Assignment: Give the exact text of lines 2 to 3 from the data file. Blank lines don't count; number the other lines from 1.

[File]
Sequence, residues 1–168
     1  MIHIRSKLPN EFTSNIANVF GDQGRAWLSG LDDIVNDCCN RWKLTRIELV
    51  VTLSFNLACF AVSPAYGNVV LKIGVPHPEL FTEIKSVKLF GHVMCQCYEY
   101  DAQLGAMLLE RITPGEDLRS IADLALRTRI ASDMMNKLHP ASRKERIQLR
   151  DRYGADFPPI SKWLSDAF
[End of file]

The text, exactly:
     1  MIHIRSKLPN EFTSNIANVF GDQGRAWLSG LDDIVNDCCN RWKLTRIELV
    51  VTLSFNLACF AVSPAYGNVV LKIGVPHPEL FTEIKSVKLF GHVMCQCYEY